By the Numbers: Deaths from Excessive Cold and Excessive Heat; February 1998; Scientific American Magazine; by Doyle; 1 Page(s)
In normal years, 600 to 700 Americans die of excessive cold, but unusual winters may raise the annual numbers above 1,000. Aside from a few mountaineers and other athletes, the people who suffer most from extreme cold are generally those living at the edges of society--the homeless, alcohol abusers, people with severe health problems and the elderly poor, particularly those with inadequate nutrition, housing and clothing. Use of certain drugs, such as antipsychotics, increases the risk. Victims are disproportionately male, Native American and black. The higher rate at which blacks die of hypothermia--below-normal body temperature--helps to explain the surprising fact that the death rates shown in the upper map are elevated in much of the South. Normal winter temperatures in the South are generally above freezing, but occasionally they go below. Furthermore, hypothermia may occur at temperatures above freezing, particularly when people are in fairly chilly water for extended periods.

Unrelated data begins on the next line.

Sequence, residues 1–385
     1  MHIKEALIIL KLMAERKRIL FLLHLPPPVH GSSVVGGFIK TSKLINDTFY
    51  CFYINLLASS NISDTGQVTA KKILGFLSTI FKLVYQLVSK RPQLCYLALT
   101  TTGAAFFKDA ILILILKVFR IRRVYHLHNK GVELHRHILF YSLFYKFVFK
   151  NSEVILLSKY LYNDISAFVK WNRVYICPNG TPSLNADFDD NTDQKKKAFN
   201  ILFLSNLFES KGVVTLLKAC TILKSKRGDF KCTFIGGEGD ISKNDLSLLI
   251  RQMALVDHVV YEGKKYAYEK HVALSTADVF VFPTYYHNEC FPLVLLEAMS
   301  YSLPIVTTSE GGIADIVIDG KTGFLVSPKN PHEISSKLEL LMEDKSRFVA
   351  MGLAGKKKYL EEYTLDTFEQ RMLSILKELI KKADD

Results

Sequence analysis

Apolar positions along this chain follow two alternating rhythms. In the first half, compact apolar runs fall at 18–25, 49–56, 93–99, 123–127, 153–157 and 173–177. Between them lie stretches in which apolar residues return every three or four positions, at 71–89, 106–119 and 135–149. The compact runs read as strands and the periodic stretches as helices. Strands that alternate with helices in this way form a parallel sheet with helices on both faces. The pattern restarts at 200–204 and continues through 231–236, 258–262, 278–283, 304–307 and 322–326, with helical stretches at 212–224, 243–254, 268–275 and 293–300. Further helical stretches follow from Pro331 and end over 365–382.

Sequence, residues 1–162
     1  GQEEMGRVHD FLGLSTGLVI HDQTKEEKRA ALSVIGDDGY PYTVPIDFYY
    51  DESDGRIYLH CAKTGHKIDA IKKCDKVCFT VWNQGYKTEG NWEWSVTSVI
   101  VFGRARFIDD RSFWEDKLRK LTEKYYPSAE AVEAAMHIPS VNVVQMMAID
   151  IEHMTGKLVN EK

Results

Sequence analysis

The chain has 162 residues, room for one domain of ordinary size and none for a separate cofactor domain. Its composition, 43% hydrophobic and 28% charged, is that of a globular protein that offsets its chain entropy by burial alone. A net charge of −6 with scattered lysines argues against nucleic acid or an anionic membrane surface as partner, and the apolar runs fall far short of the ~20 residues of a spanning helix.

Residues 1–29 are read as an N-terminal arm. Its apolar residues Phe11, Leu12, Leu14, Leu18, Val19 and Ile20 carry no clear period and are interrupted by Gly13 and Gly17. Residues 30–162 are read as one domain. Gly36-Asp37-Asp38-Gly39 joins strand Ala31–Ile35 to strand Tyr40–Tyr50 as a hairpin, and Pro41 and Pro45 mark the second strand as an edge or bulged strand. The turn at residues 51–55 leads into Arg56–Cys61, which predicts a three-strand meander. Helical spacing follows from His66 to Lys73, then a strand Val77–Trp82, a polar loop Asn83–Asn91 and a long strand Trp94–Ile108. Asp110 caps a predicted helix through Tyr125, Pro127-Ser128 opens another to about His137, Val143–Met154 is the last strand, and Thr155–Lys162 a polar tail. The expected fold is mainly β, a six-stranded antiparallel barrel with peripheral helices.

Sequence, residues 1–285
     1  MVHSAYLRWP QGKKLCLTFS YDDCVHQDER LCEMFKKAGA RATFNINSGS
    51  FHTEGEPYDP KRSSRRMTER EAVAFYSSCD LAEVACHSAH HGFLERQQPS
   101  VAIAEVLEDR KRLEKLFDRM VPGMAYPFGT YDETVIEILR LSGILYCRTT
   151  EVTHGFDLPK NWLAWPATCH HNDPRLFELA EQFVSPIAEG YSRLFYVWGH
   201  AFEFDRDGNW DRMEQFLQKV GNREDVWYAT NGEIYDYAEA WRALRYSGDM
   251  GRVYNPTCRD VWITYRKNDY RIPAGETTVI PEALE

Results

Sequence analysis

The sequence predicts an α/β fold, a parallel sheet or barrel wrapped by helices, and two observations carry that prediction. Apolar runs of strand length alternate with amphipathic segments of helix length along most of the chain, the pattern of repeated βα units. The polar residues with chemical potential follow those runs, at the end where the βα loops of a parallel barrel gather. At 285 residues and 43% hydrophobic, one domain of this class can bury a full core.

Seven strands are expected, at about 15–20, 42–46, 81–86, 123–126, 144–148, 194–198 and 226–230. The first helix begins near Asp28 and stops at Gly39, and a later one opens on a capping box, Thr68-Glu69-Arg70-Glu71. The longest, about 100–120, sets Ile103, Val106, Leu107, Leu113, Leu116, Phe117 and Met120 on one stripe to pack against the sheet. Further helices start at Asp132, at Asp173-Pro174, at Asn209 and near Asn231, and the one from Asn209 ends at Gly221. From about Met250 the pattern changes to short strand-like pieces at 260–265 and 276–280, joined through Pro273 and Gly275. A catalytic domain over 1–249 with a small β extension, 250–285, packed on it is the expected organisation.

The high death rates from hypothermia in Arizona, New Mexico, the Dakotas, Montana and Alaska reflect primarily the poor living conditions and risky behavior of Native Americans. In Alaska, for example, these individuals are at greater risk than whites because of time spent outdoors far from emergency help. Alcohol is a widespread problem: in New Mexico, for example, where its sale is banned on many reservations, men go long distances to drink. Those who return in cold weather on foot are at high risk of hypothermia.